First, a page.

As they devour their meal at the Michelle Heights Community House, the little girls squabble about their favourite characters from a popular TV show.
“I like Fatim,” one girl says between bites. “I like Teddy,” says another.
No one would guess that this is their first and probably their only real meal for the day. The girls come from various places in Africa. Only minutes earlier, they had joined with other children to scrape ice off their basketball court, in just one of their attempts to give their neighbourhood a facelift.
Many people associate Michelle Heights, south of Carling Avenue in the Britannia area, with crime and violence. But rather than crawl under their beds to hide from all this, little Jazmine Ismail and her friends have chose instead to change their community’s image.
We want our neighbourhood to look really pretty— Jazmine, student
“We want our neighbourhood to look really pretty and we are removing ice on the courts because the boys want to play basketball. We all love basketball,” Jazmine said, flashing a toothy grin.
Removing ice is not all they’re doing. The children are also clearing garbage and putting up bird feeders.
“The kids decided there were some things they wanted to change about their neighbourhood,” said Bill Robinson, a volunteer at the community house. “We helped them do this by organizing this and bringing in students from Bell High School and Mackenzie High (in Deep River) to help out.”
The kids decided there were some things they wanted to change about their neighbourhood— Bill Robinson, Michelle Heights Community House
Robinson says the children particularly complained about garbage cans being too close to the houses. In the summer they overflow and the smell is unbearable.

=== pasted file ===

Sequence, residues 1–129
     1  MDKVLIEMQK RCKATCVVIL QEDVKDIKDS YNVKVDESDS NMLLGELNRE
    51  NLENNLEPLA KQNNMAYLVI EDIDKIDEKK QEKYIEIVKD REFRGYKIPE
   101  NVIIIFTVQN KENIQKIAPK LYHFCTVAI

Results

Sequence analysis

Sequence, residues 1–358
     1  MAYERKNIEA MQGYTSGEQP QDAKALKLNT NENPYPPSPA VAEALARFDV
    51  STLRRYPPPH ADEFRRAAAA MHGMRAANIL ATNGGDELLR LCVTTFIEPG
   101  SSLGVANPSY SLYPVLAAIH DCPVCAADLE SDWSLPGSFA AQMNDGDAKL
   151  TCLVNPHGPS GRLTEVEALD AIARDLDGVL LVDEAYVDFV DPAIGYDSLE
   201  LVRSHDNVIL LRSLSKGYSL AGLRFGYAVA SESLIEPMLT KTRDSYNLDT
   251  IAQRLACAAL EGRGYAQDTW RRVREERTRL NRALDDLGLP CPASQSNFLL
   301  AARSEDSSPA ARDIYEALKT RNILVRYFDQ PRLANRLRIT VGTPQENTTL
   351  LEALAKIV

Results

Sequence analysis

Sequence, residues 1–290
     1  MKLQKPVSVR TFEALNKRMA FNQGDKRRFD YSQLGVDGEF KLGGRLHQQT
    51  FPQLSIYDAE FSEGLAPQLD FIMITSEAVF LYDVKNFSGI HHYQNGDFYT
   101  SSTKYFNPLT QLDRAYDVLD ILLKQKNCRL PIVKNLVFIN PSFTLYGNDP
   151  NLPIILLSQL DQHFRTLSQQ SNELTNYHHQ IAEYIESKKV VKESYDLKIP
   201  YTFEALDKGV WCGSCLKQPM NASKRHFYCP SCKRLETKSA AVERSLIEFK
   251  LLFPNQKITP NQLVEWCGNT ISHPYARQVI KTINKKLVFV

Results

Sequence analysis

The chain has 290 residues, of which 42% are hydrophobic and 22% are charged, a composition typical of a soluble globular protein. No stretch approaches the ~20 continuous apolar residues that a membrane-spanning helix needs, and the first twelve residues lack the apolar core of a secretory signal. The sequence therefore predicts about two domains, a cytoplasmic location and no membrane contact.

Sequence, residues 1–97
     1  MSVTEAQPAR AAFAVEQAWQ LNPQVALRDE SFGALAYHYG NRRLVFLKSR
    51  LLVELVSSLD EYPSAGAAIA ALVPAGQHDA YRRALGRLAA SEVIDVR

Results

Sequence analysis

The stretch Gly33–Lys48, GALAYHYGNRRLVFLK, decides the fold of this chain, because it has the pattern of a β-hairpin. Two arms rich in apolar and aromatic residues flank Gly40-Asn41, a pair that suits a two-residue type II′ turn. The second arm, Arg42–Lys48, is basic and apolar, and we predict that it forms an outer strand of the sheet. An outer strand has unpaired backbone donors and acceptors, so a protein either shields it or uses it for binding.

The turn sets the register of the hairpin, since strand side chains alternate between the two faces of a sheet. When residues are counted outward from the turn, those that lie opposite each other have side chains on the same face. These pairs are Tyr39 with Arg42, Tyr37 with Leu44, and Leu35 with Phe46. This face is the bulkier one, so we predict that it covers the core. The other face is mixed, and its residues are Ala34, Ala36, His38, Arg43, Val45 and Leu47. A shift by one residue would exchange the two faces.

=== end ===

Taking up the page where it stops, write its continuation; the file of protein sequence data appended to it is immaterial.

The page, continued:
Robinson said the children decided the problem could be solved in three ways – by picking up the garbage, creating awareness and educating the public.
“So far, the children have written to the west end councilor Alex Cullen about the garbage problem and hopefully that will have some effect,” Robinson added.
Another volunteer, Ben Fleming from Mackenzie High, said that with media attention on this week’s project, the young people might not have to wait that long for change to set in. Mackenzie sent a team to Ottawa for three days to help with the project.
We are trying to change that at the community house and we have projects lined up for the children. We are trying to give these children self esteem because most of them are victims of labeling— Russell Borden, Michelle Heights Community House
“Yesterday 12 garbage cans were emptied by the garbage collectors and yet they usually pick up the garbage on Fridays, so maybe they heard something on the radio,” Fleming said.
Euihyun Yang, another student who gave up time from his March break to help as a volunteer, said he enjoyed working with the children, especially because of their enthusiasm. He went on to say that he was not afraid to work in the neighbourhood despite its bad reputation. It’s a rep he thinks is exaggerated anyway.
But one of the girls, Helina Germa, said there are some bad people in her neighbourhood. She said she used to see some of them standing in a parking lot near the community house, drinking and smoking.
Russell Borden is the co-ordinator of Michelle Heights Community House. He noted that many people in the area cannot afford much, and must deal with the stigma of being on assistance.
“We are trying to change that at the community house and we have projects lined up for the children. We are trying to give these children self esteem because most of them are victims of labeling,” Borden said.
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“Some are called poor, black, Caucasian, and most of these labels make them hate school and you know what happens after that. A lot of them can’t even afford meals and we thus give them food after every program.
“But we can boast of success stories – I am a success story,” said Borden, who was raised in the neighbourhood and later returned to become the community house co-ordinator.
An important part of the neighbourhood facelift plan, dubbed “Who is Nobody,” is a faceless, colourless doll that the children decorate after every successfully completed project. The doll serves as a constant reminder of the work they have done in the community” said Borden.
This article was published in The Ottawa Citizen Newspaper on March 19th 2009